Maybe our landscaping project is the best symbol of this year–by year’s end the hardscaping was done, the ground was turned over, the new plantings were in.  Trees, shrubs and flowers were all dormant, so we’ll need to wait to see how they all come to blossom.  We may need to add some annuals to the bare spots, may even need to transplant some new residents that don’t do well where we’ve placed them, but there’s an outline, a direction that’s clear, even if the implementation isn’t perfect.  It combines dreams and visions with the good feel of earth in our hands and it’s always a work in progress.

What plans for change are you making for the new year?

What experiences have you had of”ready, fire, aim”?

Have you ever experienced planning paralysis?  What has it kept you from doing?

Going from “What Now?” to “Now!”

I just came back from visiting my daughter in Texas and I want to share a career “aha” she taught me during this visit.  Since the birth of her twins 2 years ago, Sarah hasn’t worked outside the home.  After a decade in retail sales, four years of which she excelled as the manager of a large cosmetics counter, she knew she needed to do something, but  daycare for 2 infants wasn’t a cost she could take on.  Last year, she became  a mompreneur and began selling Discovery Toys and Scensey.  After a year, she isn’t where she wants to be in terms of profit.  Sarah’s pretty practical and so she had establishedsome goals  for herself, analyzed what the real costs of the business were, and decided it wasn’t just the growing pains of a new business that were holding her back.   She projected the sales increase she’d need to make her financial goal and determined it was time for a change.  When she told me this, I was pretty skeptical.  I thought she should give it more time.

“Now,” she told me, “I realize how the financial structure of the business impacts my ability to earn.  I didn’t know what the ins and outs were then.  I do now.” She took that confidence and her experience in selling cosmetics and is now an Arbonne consultant.  She held her first 2 parties at her home while I was visiting and sales seem to be going great guns.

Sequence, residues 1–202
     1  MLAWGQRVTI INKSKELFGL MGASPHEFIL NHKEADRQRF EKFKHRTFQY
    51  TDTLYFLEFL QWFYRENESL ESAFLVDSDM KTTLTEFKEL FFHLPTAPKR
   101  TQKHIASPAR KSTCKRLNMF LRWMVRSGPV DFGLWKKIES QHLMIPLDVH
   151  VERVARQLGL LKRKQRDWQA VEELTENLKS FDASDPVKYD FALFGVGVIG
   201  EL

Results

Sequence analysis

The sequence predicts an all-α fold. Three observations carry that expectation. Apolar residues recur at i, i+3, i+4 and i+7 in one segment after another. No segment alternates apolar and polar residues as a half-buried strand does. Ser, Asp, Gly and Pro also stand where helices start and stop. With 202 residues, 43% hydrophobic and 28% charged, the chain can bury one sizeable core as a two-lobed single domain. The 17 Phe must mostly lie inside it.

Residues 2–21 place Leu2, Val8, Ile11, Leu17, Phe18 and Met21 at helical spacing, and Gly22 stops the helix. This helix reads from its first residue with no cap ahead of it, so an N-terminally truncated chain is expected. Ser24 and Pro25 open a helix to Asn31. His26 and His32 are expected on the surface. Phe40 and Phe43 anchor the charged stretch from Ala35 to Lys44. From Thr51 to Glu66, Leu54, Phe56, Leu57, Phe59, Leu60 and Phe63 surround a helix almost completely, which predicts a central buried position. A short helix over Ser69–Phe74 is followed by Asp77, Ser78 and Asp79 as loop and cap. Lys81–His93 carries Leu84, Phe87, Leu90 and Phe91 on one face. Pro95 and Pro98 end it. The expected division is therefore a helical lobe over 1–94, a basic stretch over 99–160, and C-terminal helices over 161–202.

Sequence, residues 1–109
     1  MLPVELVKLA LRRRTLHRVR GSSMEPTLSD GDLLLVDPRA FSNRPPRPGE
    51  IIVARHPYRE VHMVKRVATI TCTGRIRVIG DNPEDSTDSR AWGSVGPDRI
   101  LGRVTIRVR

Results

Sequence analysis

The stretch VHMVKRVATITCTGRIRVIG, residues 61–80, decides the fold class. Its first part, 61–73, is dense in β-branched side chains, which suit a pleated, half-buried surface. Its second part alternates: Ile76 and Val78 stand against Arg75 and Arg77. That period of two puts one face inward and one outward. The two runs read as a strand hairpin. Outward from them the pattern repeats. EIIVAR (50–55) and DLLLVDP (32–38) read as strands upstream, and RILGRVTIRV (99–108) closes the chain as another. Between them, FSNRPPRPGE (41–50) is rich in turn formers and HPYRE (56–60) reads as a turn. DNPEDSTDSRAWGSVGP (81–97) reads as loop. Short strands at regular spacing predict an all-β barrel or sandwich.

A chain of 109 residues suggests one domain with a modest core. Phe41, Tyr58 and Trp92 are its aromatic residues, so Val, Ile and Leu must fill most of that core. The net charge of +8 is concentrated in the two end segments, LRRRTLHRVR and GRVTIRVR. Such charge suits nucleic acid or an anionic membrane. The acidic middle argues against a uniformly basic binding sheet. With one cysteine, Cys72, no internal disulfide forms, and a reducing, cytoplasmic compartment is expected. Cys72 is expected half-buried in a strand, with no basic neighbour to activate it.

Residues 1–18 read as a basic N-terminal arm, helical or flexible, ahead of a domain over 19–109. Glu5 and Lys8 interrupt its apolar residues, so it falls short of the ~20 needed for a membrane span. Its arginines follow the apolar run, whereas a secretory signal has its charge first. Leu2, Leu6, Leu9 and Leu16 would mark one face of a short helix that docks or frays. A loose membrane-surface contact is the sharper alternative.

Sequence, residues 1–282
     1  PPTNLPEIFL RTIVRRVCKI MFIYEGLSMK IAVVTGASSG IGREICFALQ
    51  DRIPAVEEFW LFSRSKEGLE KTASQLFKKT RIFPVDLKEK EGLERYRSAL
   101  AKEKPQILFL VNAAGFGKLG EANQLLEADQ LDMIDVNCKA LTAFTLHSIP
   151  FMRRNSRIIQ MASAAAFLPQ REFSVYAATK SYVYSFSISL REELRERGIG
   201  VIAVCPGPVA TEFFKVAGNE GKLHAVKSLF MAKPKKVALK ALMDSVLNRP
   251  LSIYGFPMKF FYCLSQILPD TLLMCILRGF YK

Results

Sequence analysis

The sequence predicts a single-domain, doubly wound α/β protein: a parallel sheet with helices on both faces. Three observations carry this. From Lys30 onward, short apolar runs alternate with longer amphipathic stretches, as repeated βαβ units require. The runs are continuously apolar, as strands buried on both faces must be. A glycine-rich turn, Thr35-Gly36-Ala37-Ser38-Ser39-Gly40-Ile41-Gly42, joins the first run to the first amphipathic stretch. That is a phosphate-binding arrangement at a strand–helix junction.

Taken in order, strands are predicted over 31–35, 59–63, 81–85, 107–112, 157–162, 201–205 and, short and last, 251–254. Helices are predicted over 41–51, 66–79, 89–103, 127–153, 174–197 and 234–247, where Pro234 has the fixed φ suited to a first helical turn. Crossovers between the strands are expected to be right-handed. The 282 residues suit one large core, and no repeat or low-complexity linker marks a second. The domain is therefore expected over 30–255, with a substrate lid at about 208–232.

sometimes you just know when it’s time to move forward.  My “aha” was the realization that in those situations, when you’re being led by heart or Spirit, cautiously taking it slow isn’t a virtue–it just saps your energy and blunts your resolve. Changing gears in our careers takes energy and boldness.  We need to capitalize on those moments of clarity and inspiration when we  experience them and use them to propel us from dissatisfaction to joy!

This doesn’t mean quitting our jobs today and becoming Marco Polo.  It does mean we need to stop contemplating and take a step – any step that our hearts tells us is right – toward something we’re dreaming about.  That step can be in any direction–right or wrong, we’ll learn something about making the dream come true.

When is a Boomer Like an Albatross -2

OK –See I’m bad at this part 1 and 2 stuff-I’ve gotten busy with my workshop and forgot to post the rest of my essay–here’s a few more bites!!

“For the unlearned, old age is winter;
for the learned it is the season of the harvest.”

The Talmud

Not all of us leave the workplace
licking our wounds.  Many of us have played the game long and hard with the tacit understanding that if we did it all right, the pay-off was we could STOP.   We have many avocations that we have been looking forward to pursuing.  For awhile, we may be content in the whirl of long-delayed pleasures and deferred family needs we now have time to fulfill.  Some Boomers find, however, that the novelty of an open schedule and pleasurable activities— like a steady diet of nothing but ice cream – becomes boring.  We become nostalgic for the social interaction of our working lives.  We miss being depended upon and recognized for our talent.  We become acutely aware that our e-mail boxes are empty and our phones ring less frequently. While we may not miss our work, we miss our roles.

Boomers came of age amidst the idealistic calls for change, revolution, equality, social justice.  There may be issues we’ve spent a career or a lifetime advocating and supporting.  Or our careers may have left us passive bystanders to our most  passionate causes.  Retirement can re-kindle old passions.  We tentatively scan the volunteeropportunities available.  We might even glance at the want ads.  Maybe now’s the time we can create change, leave our mark, we think.  In our hearts, there is the little voice that nibbles away at our idealism: “did I work long and hard to ultimately be saddled with time and energy commitments again?”  Our ambivalence may end our quest.

We start our retirement journey with mixed emotions about our identities and what we have to offer, some of us discouraged, others supremely confident.  Some of us are content to withdraw.  Others seek paid or volunteer work that has meaning; that feeds our passion to make a difference, but doesn’t consume all of our time.  We don’t want the worry and responsibility we once had, but we want assignments that use our unique skills.  If we imagined we’d be welcomed with open arms by the community loathe to support us, we may have a rude awakening.